Mooshika, the rat – Ganesha’s vehicle
See part 1
Ganesha, the elephant-headed Lord and the remover of obstacles, is one of the most revered Gods in the Hindu Pantheon. Also known as Ganpati, Vighnesha, Vinayaka and Pillaiyar, this son of Shiva and Parvati is worshipped by people from many cultures and religions across the length and breadth of the country and beyond.
Ganesha is known to be the Deva of intelligence and wisdom. He is also said to be a patron of the arts and sciences. This Gananayaka (Lord of the Ganas) is propitiated before the start of any ceremony or ritual and is also invoked as the Lord of Letters before the start of writing sessions.
Some of the earliest depictions do not show Lord Ganesha with a vahana at all. The Mudgala Purana talks of eight incarnations of the Lord, in which Ganesha has a mouse in five of them. As Vakratunda, he uses a lion as a vahana. As Vikata, he has a peacock with him and the Sesha (divine serpent) is present with him in his avatar of Vighnaraja. Jail philosophy also shows Ganesha with a mouse, elephant, tortoise, ram or peacock.
According to some philosophers, the mooshika appeared as Ganesha’s vehicle in India, somewhere around the 7th Century. The earliest mention of the mooshika is in the Matsya Purana, the Brahmananda Purana and then the Ganesha Purana. There is also mention of the Lord using an image of the mouse on His flag. The names, Mooshikavahana (mounted on a mouse) and Akhuketana (mouse flag) appear in the Ganesha Sahasranama.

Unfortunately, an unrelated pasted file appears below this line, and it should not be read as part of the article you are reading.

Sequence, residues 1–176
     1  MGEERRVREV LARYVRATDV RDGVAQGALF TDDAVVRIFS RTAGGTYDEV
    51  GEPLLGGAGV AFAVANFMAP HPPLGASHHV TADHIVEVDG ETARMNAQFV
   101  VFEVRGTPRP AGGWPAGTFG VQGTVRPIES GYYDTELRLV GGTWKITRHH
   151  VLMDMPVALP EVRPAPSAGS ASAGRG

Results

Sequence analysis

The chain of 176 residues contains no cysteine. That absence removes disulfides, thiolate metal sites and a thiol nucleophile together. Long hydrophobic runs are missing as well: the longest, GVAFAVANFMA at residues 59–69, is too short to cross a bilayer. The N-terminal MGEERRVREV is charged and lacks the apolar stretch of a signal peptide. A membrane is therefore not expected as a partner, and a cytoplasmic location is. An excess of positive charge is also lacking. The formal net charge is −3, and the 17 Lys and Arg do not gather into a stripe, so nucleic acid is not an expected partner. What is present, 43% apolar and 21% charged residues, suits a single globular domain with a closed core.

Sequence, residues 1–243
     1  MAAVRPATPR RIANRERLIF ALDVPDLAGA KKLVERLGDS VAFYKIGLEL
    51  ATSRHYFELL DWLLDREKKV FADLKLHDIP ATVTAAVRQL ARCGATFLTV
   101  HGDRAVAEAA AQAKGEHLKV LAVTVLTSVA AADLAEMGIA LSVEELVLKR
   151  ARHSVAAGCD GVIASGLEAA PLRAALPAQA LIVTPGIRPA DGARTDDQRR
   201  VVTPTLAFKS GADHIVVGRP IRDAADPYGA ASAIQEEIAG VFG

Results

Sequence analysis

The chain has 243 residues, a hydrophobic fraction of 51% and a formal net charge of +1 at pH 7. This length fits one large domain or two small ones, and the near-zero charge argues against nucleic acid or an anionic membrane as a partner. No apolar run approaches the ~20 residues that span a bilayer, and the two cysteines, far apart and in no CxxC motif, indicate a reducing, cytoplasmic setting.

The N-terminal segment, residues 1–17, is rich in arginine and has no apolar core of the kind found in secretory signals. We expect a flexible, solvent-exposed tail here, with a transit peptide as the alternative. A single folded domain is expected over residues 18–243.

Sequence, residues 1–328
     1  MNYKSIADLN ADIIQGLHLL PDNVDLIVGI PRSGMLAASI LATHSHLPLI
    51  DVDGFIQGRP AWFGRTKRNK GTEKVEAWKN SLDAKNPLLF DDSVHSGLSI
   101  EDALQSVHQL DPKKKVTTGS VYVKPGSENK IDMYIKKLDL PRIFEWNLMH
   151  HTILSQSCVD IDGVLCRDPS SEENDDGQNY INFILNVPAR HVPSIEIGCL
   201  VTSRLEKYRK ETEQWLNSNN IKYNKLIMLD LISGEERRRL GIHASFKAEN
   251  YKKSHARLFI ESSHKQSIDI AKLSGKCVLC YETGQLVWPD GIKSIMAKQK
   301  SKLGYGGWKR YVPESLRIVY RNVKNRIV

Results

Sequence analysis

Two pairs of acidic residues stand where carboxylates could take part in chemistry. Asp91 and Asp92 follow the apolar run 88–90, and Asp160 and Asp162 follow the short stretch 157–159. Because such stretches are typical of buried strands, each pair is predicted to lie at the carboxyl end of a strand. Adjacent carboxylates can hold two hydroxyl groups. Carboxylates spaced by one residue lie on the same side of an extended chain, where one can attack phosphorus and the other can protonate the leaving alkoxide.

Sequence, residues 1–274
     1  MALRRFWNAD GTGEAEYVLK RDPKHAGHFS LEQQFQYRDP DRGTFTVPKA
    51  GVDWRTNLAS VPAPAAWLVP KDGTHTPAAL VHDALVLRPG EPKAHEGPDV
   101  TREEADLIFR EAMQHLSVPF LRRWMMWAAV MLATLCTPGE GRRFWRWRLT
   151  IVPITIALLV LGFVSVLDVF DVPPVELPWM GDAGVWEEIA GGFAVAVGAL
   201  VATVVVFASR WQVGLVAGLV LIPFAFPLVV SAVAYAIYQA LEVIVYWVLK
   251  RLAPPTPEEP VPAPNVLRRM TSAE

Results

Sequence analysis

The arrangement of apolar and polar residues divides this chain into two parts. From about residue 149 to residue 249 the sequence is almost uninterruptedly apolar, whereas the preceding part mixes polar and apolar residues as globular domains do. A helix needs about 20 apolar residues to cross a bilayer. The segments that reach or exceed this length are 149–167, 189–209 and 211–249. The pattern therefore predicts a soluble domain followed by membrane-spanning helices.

Philosophical connotation of the mooshika
The term ‘Mushika’ is derived from the Sanskrit root, ‘mush’, which means, ‘to steal’. The rat is generally a destructive creature if not controlled. It robs people of crops and food. In other words, this is a destructive pest that causes a lot of trouble.
In philosophical terms, the human mind tends to be wavering, selfish and full of desires. Many of us do not hesitate to achieve our goals even if it means hurting someone. The mooshika here is the vighna or obstacles created by our own negative mindset and thought patterns.
Additionally, our thoughts multiply multifold when left uncontrolled. Like mice attacking in the night, they stealthily attack us in the darkness of our ignorance. Ganesh seated on the mouse signifies His crushing our negative thoughts when we surrender our lives to Him.
Our minds are extremely fickle and tend to run around here and there, completely leaving our control on it! Achieving control is a sign of great wisdom. The mouse at Ganesha’s feet signifies that He can bring our minds under his control and bestow grace and plentitude on us. Bowing to the Vighneswara’s also allows us to gain control over our minds, thereby, getting beyond our vighnas as well! The mooshika, staying at the Lord’s feet permanently, signifies the steady mind forever being in prayerful attitude, leaving aside all negativity and ultimately attaining bliss and oneness with Him.
The Mushika also signifies adundance. In symbolic terms, the mouse carries Lord Ganesha’s immense grace wherever he goes, including the hearts and minds of the devotees in which He resides.
Next Vahana: Peacock